Skip to main content

Shannon Lacombe

Shannon Lacombe
Policy and Communications Assistant, British Society for Immunology

How many years have you been working in this sector?

I have been working in the Policy and Communications sector for as long as I’ve been working at the BSI – less than a year.

What do you like the most about your job?

I come from a science background, having done a BSc in Biochemistry at UCL followed by an MSc in Immunology at Oxford. So one of the things I like most about working for the BSI in Policy and Communications is that I stay closely connected to science, but have a different perspective than I have had previously.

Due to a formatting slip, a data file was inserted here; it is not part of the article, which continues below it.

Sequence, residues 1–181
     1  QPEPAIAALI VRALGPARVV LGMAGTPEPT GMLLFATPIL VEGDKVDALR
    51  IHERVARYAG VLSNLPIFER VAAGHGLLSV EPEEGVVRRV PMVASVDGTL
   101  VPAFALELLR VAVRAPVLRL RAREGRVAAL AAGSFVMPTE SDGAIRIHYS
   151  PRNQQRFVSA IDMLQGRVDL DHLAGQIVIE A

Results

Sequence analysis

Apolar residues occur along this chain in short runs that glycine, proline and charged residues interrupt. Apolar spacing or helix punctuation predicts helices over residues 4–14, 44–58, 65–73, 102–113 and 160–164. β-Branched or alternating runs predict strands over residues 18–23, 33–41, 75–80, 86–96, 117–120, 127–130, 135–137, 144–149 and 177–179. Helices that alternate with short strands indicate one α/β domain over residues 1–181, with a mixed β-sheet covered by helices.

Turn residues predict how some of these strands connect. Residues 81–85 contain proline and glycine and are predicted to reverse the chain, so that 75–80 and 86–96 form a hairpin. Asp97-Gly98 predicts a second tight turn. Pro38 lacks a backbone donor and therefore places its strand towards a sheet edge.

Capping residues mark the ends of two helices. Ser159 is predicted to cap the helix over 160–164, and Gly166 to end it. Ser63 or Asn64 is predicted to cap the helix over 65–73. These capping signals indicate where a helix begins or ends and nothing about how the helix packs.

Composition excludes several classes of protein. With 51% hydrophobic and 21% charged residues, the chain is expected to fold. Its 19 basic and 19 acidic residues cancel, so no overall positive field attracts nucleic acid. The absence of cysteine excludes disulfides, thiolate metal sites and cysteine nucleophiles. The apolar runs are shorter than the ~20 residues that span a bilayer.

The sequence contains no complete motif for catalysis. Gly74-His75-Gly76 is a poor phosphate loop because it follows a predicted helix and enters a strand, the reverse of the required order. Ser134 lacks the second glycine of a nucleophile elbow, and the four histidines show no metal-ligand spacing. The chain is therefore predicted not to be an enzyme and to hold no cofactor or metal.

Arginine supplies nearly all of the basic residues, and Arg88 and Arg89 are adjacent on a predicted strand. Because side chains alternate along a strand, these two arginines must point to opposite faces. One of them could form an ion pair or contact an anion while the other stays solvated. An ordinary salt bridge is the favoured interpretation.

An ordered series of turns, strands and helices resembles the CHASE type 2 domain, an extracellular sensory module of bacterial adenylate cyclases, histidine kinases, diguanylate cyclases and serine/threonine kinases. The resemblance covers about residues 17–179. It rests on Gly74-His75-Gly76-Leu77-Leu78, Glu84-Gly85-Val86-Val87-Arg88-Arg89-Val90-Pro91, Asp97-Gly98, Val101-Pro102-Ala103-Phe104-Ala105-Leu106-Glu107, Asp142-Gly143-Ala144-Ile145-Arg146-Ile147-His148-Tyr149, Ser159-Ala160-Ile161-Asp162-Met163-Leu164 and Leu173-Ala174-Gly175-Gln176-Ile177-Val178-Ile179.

I should first explain what exactly my job is, as I realise it may look quite unique on an “Immunology Careers” webpage. Policy and Communications involves staying up to date with current events in immunology and the broader life sciences. This may be in the context of happenings in parliament, universities, industry, the NHS etc. Through this current knowledge, coupled with the interests of immunologists across the UK, we work to promote positive change at the government policy level. Day-to-day, I find myself very busy, going to parliament committee meetings and debates on key issues (e.g. Brexit), writing policy briefings on key topics (e.g. cancer immunotherapy and immunisation), attending conferences (academic and non-academic), and always thinking forward to what I think science and immunology should look like in the near and distant future. It’s an incredibly fascinating and fast-paced position to be in!